Gestational Trophoblastic Disease: Introduction

Approved by the Cancer.Net Editorial Board, 11/2022

ON THIS PAGE: You will find basic information about this group of diseases and the parts of the body they may affect. This is the first page of Cancer.Net’s Guide to Gestational Trophoblastic Disease. Use the menu to see other pages. Think of that menu as a roadmap for this entire guide.

Gestational trophoblastic disease (GTD) affects the uterus. The uterus is a part of the female reproductive system. It is pear-shaped, hollow, and located in the pelvis between the bladder and rectum. The uterus is also known as the womb, where a fetus, or unborn baby, grows during pregnancy.

The uterus has 2 sections: the cervix, which is the narrow, lower section, and the corpus, which is the broad, middle section. The fundus is the dome-shaped top section of the corpus. The uterine wall has 2 layers of tissue. The inner layer is called the endometrium. The outer layer is muscle tissue called the myometrium. See the next section in this guide for illustrations of gynecologic anatomy.

About GTD

GTD is the general name for a group of rare tumors that can occur during pregnancy in the fetal chorion, which is the outer part of the sac that surrounds the fetus as it grows. GTD can occur during any pregnancy. GTD is almost always curable, especially if found early.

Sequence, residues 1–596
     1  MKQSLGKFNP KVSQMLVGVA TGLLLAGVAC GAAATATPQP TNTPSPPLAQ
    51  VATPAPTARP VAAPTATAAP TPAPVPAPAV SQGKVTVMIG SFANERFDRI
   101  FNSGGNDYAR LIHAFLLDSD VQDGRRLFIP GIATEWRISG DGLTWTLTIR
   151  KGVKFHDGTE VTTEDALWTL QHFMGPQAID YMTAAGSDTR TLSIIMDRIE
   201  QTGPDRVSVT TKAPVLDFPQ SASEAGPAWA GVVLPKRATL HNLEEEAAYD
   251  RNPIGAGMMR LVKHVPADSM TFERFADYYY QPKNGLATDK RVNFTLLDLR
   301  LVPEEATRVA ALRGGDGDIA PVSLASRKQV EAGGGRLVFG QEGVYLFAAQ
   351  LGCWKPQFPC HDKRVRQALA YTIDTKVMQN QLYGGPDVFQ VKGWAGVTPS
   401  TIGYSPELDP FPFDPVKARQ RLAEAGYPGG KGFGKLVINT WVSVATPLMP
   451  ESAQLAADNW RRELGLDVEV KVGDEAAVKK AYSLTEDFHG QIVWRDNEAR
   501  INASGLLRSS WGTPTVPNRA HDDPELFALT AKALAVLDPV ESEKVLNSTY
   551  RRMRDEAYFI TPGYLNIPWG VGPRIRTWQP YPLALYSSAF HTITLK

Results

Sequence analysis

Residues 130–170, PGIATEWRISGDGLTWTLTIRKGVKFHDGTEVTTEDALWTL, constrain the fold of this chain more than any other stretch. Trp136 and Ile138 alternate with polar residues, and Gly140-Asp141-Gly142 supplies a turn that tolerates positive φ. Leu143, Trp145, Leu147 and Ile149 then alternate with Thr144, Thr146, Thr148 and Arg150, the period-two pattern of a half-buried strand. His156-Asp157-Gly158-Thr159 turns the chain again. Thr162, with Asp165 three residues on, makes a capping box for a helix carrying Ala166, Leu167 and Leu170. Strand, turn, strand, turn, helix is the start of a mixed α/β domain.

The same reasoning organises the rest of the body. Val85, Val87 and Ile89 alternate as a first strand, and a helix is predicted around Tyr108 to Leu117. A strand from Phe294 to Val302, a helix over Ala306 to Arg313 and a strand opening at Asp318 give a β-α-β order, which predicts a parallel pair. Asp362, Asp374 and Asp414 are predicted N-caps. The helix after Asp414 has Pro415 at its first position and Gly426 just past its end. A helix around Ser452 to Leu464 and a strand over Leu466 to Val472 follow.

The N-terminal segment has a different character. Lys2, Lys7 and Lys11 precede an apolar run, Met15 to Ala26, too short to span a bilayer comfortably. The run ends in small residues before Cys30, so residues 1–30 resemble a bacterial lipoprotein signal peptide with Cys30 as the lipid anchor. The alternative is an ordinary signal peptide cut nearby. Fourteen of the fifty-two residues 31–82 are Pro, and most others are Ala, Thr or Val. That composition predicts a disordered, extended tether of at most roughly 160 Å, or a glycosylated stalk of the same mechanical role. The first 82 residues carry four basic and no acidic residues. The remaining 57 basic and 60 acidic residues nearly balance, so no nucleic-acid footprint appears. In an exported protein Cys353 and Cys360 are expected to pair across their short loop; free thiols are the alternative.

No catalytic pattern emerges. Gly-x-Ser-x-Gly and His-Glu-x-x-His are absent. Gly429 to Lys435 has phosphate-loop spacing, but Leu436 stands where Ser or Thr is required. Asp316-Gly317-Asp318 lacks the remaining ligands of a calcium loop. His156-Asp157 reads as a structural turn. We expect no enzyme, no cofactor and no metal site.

This type of tumor begins when normal cells of the placenta, called trophoblast cells, change and form a mass. GTD is usually benign, which means noncancerous. Some GTD tumors can be cancerous, also called malignant, meaning they can spread to other parts of the body.

Usually, GTD occurs when there is a problem during the combination of the sperm and the egg in the uterus. Trophoblast cells normally grow and surround a fertilized egg in the uterus, helping to connect the fertilized egg to the uterine wall and to form the placenta. The placenta is the organ that develops during pregnancy to provide nutrients to the fetus. But when this type of problem occurs in the tissues of the placenta, a healthy fetus usually does not develop. In rare cases, GTD is a cancerous growth that begins from a normal placenta, and it may be found after a normal pregnancy and birth of a baby.

Types of GTD

There are 2 main groupings of GTD. The first group is called molar pregnancy, also called hydatidiform moles. The second group is called gestational trophoblastic neoplasia (GTN). There are subtypes under each grouping, explained below.

Molar pregnancy (hydatidiform moles). Molar pregnancies account for about 80% of all GTD. There are 2 types of molar pregnancy: complete or partial. They are usually slow growing and benign, although there is a chance a mole can become cancerous. A complete molar pregnancy is much more likely to become cancerous than a partial molar pregnancy.